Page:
http://www.apple.com/ipodnano/specs.html
  • Reply 6 of 102
    Quote:

    While the 132ppi pixel density of iPad was already the highest of any device Apple sells,



    Actually, all the older iPhones and Touch, as well as any classic iPod beat the PPI of the iPad.



    http://en.wikipedia.org/wiki/List_of...sity#Apple_Inc.
  • Reply 7 of 102
    SpamSandwichSpamSandwich Posts: 31,012member
    Boy, that display looks nice.
  • Reply 8 of 102
    Quote:
    Originally Posted by leesure View Post


    OK, but what will native iPhone4 apps look like on an iphone 3gs?



    I think that there will be few iPhone 4 only apps. It would be a commercial suicide. I think you will have tons of "universal iphone apps". I mean apps that works on every iphone at different resolutions. So to answer your qustion, iPhone 4 apps will look on a 3gs/3G/edge as usual, while will look pretty sharper on the new device.



    I actually don't agree with Jobs when he says that with small efforts you can update the visual of your app. It really depends on the app. Apps that only uses the cocoa touch library will need no effort at all, while apps like mine (the make coffee one mentioned above) will need such an effort that we decided to go straight to version 2.0 evolving the whole app concept.



    p.s.

    I got more high res pictures here, check it out:



    http://www.make-coffee.net/images/iO...RANSPARENT.png



    http://www.make-coffee.net/images/iO...RANSPARENT.png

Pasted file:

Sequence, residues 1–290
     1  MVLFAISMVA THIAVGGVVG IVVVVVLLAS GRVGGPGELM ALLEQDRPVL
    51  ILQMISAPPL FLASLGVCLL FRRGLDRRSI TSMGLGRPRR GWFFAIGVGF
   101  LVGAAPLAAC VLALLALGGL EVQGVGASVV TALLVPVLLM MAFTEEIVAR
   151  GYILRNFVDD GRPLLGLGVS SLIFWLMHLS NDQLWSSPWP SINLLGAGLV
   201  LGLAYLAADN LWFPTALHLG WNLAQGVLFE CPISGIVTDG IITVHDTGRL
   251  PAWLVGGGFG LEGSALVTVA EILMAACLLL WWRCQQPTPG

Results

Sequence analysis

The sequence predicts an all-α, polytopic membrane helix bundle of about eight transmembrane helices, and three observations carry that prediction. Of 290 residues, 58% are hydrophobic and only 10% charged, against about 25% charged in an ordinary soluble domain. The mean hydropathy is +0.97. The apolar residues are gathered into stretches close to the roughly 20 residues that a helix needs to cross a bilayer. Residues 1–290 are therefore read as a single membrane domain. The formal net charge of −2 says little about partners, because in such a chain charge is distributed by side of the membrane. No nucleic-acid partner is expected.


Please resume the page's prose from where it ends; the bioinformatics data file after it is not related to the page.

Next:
• Reply 9 of 102
    Cool, so all my HD apps on my iPad should work on the new iPhone 4, right?
  • Reply 10 of 102
    Quote:
    Originally Posted by jarvijarv View Post


    Cool, so all my HD apps on my iPad should work on the new iPhone 4, right?



    No... actually is the opposite thing. Your iPhone 4 apps should work in a pretty good high def on your iPad
  • Reply 11 of 102
    sensisensi Posts: 346member
    Please stop calling it a "retina display" lol, that marketing fallacy was debunked over here:



    Quote:

    The iPhone 4 is actually very far from a retina display. It's a substantial discrepancy and not even close: At 12 inches the 1 dimensional linear difference is 326/477 = 68 percent. But the pixel (area) density for two dimensions, which is the actual relevant observable, is that value squared = 0.47, so the iPhone 4 is more than a factor of two from being a retina display at the typical 12 inch viewing distance. Stated another way: The iPhone display would need to have 1.3 megapixels instead of 0.6 megapixels to be a retina display.